Edited By Sabine Flach and Gary Sherman
This third volume of Naturally Hypernatural explores contemporary concepts of landscape in the humanities and the arts in relation to the notion that our age is defined by a ‘geology of the human’ and that this reckoning constitutes a new epoch, aptly named the anthropocene.
The thesis of this volume – that there is no homogeneous concept of landscape, just as there is no uniform definition of nature or culture – was developed concurrently at a conference at the University of Graz and at a series of exhibitions centered on film, painting and photography at the Kunsthaus Graz. This thesis has been fortified by registering the simultaneity of land art, the ecological movement and the view of the earth from space.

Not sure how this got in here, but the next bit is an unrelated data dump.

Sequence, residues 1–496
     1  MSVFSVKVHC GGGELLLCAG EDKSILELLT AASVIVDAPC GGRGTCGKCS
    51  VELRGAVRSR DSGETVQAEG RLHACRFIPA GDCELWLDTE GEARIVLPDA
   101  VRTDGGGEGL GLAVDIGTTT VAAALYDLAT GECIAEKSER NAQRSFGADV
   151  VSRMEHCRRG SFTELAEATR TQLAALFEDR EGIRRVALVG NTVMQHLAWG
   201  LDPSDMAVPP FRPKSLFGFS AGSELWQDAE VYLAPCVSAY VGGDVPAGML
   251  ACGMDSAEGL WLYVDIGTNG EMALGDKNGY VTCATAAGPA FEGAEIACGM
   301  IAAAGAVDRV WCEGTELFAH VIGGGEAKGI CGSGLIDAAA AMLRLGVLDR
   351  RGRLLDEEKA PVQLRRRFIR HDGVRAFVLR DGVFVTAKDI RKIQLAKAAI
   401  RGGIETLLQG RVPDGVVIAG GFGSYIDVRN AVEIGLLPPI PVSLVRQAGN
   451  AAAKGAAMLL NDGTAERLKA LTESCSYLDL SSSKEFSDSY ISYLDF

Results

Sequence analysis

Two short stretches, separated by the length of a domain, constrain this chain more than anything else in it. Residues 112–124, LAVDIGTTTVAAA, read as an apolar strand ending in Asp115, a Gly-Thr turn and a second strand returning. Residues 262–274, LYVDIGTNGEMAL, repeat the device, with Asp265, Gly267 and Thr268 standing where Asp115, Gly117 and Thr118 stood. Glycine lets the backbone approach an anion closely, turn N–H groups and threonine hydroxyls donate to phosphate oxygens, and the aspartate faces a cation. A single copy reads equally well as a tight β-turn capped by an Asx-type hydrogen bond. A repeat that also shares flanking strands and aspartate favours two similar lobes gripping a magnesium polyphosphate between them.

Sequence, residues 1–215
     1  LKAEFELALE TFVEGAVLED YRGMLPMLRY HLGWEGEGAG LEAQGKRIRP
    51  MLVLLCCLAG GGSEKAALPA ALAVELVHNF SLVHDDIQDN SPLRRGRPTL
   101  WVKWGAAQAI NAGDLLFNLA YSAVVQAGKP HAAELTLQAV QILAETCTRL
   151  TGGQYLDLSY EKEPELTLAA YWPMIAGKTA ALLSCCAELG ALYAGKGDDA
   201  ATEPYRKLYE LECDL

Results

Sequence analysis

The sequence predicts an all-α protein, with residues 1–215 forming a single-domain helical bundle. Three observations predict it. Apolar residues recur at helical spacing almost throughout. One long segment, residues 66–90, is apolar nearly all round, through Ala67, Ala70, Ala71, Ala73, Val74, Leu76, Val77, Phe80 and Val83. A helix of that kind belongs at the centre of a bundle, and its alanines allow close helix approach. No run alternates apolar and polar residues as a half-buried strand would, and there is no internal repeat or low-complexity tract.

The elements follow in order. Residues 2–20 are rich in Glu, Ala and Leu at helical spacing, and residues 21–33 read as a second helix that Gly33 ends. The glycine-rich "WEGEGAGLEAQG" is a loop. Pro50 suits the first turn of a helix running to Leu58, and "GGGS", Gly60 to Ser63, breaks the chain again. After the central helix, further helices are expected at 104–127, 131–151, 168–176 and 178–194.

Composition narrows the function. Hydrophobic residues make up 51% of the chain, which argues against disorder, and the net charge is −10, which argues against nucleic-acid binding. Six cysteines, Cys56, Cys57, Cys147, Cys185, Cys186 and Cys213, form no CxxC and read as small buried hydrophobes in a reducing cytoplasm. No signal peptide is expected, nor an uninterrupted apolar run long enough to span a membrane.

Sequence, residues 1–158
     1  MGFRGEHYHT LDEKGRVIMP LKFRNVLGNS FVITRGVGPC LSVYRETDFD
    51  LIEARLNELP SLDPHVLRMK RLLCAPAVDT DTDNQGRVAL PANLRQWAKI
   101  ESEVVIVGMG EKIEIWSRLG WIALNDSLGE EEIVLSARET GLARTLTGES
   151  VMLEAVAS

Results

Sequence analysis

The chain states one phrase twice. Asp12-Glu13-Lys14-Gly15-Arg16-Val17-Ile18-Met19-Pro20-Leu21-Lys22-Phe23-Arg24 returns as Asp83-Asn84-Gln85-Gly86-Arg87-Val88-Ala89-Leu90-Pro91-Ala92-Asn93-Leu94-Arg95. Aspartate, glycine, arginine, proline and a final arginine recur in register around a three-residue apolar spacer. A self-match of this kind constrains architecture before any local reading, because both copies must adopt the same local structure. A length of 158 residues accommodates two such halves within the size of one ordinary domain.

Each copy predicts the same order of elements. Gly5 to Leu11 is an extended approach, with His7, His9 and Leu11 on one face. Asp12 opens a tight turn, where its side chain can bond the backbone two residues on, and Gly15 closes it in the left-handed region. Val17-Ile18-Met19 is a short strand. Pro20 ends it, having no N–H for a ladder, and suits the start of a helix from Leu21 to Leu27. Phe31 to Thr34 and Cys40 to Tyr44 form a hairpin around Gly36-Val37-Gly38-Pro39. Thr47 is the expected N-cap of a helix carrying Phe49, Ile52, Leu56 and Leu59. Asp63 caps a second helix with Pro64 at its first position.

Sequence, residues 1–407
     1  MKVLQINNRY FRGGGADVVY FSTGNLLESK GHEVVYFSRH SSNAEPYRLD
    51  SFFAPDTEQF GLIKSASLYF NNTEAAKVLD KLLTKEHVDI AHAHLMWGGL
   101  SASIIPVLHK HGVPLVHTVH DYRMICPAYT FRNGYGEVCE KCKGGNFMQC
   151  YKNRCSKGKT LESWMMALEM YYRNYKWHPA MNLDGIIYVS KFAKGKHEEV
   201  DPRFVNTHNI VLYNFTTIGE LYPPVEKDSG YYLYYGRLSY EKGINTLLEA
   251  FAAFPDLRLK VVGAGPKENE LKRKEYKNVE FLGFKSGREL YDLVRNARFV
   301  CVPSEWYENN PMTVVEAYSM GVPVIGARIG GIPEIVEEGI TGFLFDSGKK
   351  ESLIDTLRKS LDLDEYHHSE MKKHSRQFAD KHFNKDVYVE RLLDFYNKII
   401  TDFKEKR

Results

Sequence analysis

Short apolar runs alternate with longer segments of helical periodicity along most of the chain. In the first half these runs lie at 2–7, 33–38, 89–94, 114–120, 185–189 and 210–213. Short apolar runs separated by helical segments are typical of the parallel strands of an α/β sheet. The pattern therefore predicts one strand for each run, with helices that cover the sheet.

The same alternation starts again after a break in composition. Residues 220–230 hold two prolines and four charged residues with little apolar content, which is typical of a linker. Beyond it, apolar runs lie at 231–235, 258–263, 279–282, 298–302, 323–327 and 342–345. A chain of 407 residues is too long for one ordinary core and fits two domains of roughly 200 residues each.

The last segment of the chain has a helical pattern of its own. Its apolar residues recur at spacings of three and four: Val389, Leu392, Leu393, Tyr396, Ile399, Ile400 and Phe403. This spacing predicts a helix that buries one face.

Art since the modern period reveals how divergent ideas of landscape are intertwined with differently chanted conceptions of subjectivity, perception and space.
A Force of Nature: Surface Tensions
Fig. 1: Jackson Pollock and Sande Pollock at the Grand Canyon, 1927/unidentified photographer. Jackson Pollock and Lee Krasner papers, circa 1905-1984. Archives of American Art, Smithsonian Institution. @2016 The Pollock-Krasner Foundation/Artists Rights Society (ARS), New York.
Pouring forth its seas everywhere, then, the ocean envelops the earth and fills its deeperchasms. Nicolaus Copernicus, On the Revolutions of the Heavenly Sphere, 1543
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